#SHIFTsauce Recommended Reading
The most impressive facilitators always make it seem effortless. But nothing could be further from the truth.
If there’s one thing to be learned from Nimble: Off Script but Still on Track, Rebecca Sutherns’ Coaching Guide for Responsive Facilitation, it’s that masterful facilitation requires preparation, mental agility and, yes, plenty of effort.
Nimble is a comprehensive, practical guide for anyone who gets called upon to facilitate, novices and seasoned professionals alike. It methodically explores each stage of facilitation — from preparation through to reflection afterwards — offering insights, strategies and tips for every step of the process.
What Rebecca does particularly well up front is define the role of the facilitator. Described as “the guardian of group process”, Sutherns reminds us that the facilitator is responsible for the achievement of an agreed upon purpose (ie. Staying “On Track”). In order to get there, she maintains that, despite thorough preparation, there will always be a need for flexibility and the ability to pivot on the fly (ie. Going “Off Script”).
“Masterful facilitation is actually invisible. Done well, people hardly notice facilitation — they’re just carried along, willingly and productively. They have found that sweet spot, where orchestration and improvisation offset each other beautifully.”
The book challenges the reader to reflect on their natural tendency to either over-script or under-prepare and offers advice on how to self-correct in order to strike the ideal balance.
Structured in a consistent, easy-to-follow, digestible format, Nimble provides clear, concise charts, synthesizing the theories explored in each chapter. Analysis is built on a framework incorporating the “4 P’s of Facilitation” — People, Purpose, Place and Process — at each of three key phases — in advance, in the room, and afterwards.
With the inclusion of structured tools such as a One Day Facilitation Plan, a Facilitation Planning Template and a Space Planning Checklist, the author makes clear that being nimble only comes after painstaking preparation. The book is peppered with tips, some intuitive, but worth a reminder — get enough sleep, do your homework to learn about the participants in advance of a session, and prepare for a dip in energy at a certain point in the day.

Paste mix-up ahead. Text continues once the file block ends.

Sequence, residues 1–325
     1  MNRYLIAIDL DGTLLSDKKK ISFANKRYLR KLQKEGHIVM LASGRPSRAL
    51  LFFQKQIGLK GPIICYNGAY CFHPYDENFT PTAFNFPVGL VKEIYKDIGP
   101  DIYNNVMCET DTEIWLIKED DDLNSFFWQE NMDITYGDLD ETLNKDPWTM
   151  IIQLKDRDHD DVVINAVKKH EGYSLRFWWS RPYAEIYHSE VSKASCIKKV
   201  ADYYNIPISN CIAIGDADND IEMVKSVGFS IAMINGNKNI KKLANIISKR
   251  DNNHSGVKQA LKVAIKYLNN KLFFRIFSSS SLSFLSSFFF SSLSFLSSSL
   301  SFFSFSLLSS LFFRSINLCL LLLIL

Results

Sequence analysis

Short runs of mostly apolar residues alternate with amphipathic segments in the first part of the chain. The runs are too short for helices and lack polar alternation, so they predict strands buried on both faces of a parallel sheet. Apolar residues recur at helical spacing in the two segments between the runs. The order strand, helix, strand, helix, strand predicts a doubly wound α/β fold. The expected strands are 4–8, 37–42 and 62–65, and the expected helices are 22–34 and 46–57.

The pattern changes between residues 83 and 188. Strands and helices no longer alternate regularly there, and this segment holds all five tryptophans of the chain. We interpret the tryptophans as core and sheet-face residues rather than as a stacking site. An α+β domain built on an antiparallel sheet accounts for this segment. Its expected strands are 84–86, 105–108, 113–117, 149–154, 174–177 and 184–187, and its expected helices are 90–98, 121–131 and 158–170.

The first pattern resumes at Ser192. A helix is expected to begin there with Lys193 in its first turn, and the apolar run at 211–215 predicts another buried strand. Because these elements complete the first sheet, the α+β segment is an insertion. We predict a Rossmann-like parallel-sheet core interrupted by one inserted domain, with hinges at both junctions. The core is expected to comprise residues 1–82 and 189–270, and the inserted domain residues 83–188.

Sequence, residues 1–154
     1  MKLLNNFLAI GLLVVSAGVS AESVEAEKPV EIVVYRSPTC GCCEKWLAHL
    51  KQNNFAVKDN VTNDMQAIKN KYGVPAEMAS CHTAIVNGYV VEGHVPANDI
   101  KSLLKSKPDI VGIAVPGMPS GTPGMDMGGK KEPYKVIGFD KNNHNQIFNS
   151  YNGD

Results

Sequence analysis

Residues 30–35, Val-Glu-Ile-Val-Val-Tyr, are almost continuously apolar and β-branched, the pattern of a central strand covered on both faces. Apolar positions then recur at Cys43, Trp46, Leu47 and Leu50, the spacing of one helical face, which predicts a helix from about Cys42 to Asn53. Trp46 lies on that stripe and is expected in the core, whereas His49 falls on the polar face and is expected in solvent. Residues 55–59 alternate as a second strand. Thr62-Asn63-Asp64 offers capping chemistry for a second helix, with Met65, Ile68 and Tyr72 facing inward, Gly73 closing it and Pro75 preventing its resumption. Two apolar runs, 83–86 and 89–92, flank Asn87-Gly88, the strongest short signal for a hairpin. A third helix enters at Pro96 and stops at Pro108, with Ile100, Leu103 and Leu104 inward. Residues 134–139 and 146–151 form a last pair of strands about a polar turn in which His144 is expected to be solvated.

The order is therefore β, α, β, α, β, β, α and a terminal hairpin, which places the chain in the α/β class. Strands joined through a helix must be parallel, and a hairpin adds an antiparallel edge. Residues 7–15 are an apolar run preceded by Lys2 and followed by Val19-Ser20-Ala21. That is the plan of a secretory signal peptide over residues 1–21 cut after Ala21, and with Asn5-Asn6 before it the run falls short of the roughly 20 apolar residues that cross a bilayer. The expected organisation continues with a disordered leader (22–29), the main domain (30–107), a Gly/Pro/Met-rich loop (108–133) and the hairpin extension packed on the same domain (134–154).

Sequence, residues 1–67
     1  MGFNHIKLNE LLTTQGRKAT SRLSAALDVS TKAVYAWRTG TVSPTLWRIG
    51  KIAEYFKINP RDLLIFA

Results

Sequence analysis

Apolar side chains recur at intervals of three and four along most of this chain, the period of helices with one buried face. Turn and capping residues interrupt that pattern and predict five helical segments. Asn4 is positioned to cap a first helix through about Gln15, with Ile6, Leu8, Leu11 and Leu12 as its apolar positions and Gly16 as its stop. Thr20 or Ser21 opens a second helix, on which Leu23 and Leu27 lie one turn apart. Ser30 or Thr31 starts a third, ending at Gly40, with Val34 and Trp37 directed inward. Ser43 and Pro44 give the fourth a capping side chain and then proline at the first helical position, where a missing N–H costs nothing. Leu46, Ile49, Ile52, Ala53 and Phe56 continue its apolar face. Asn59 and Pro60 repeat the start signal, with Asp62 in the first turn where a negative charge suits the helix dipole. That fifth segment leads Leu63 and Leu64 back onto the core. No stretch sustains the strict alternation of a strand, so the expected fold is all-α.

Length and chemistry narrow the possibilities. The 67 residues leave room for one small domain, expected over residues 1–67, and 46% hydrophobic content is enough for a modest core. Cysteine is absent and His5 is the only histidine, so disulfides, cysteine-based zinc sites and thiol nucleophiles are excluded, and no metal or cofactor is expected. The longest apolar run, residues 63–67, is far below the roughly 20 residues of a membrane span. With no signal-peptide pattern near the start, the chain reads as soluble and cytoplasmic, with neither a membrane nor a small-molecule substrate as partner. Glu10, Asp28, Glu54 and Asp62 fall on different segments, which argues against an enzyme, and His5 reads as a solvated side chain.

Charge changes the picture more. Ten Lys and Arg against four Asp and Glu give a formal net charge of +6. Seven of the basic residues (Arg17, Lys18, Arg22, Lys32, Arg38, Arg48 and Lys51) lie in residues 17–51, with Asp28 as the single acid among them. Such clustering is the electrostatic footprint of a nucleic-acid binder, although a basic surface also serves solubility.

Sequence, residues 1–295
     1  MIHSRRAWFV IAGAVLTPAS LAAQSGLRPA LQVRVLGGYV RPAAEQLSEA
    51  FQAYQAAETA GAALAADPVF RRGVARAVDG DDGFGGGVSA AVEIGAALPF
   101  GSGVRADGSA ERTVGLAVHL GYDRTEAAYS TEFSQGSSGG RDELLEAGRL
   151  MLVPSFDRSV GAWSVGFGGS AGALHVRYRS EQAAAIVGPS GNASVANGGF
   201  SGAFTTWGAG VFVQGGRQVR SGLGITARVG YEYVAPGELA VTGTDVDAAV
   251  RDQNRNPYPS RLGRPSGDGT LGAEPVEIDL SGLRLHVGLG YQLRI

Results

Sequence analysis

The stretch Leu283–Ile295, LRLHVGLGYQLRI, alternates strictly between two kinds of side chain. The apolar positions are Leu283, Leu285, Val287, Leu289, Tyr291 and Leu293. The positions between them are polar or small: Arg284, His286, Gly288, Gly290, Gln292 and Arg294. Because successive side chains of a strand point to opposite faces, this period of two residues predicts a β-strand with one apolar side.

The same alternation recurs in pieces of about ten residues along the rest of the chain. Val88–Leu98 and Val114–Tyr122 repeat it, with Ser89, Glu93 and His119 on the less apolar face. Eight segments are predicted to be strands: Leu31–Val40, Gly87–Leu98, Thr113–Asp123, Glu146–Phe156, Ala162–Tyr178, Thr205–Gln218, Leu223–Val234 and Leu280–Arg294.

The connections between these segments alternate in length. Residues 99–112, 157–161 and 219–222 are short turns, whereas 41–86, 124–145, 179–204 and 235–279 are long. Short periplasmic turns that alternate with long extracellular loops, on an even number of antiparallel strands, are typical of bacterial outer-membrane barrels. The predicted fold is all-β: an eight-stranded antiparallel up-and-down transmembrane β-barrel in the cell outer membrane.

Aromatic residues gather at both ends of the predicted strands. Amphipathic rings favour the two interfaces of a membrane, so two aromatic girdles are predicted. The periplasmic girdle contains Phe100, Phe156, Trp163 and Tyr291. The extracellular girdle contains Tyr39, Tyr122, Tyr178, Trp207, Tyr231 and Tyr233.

Central to the book’s premise is that, despite all good intentions, experience and forethought, facilitators must expect the unexpected. What sets the skilled facilitator apart is the ability to alter the script (or “hold it loosely”) in pursuit of the objectives, even if it means re-evaluating those objectives midstream. All this is to be done, in Rebecca’s words, while maintaining a “calm, helpful presence”.
“If things unfold differently than you anticipated, notice it and adjust with a sense of interest, learning and wonder rather than frustration or panic.”
In practical terms, Nimble provides an 18-point “Getting Unstuck” cheat sheet on what to do when a session derails, and step-by-step instructions on how to deal with challenging participants.
Finally, at the conclusion of the book, Rebecca emphasizes the need for reflection and a growth mindset.
“Our goal in becoming a nimble facilitator is to become a reflexive practitioner — to reflect on our experience and to apply what we have learned”.
Applying what we have learned from Nimble: Off Script but Still on Track will bring even the most experienced of us closer to the illusion of effortlessness facilitation.
Buy a copy of the book Nimble: Off Script but Still on Track.
Learn more about Rebecca’s work and download free resources at RebeccaSutherns.com.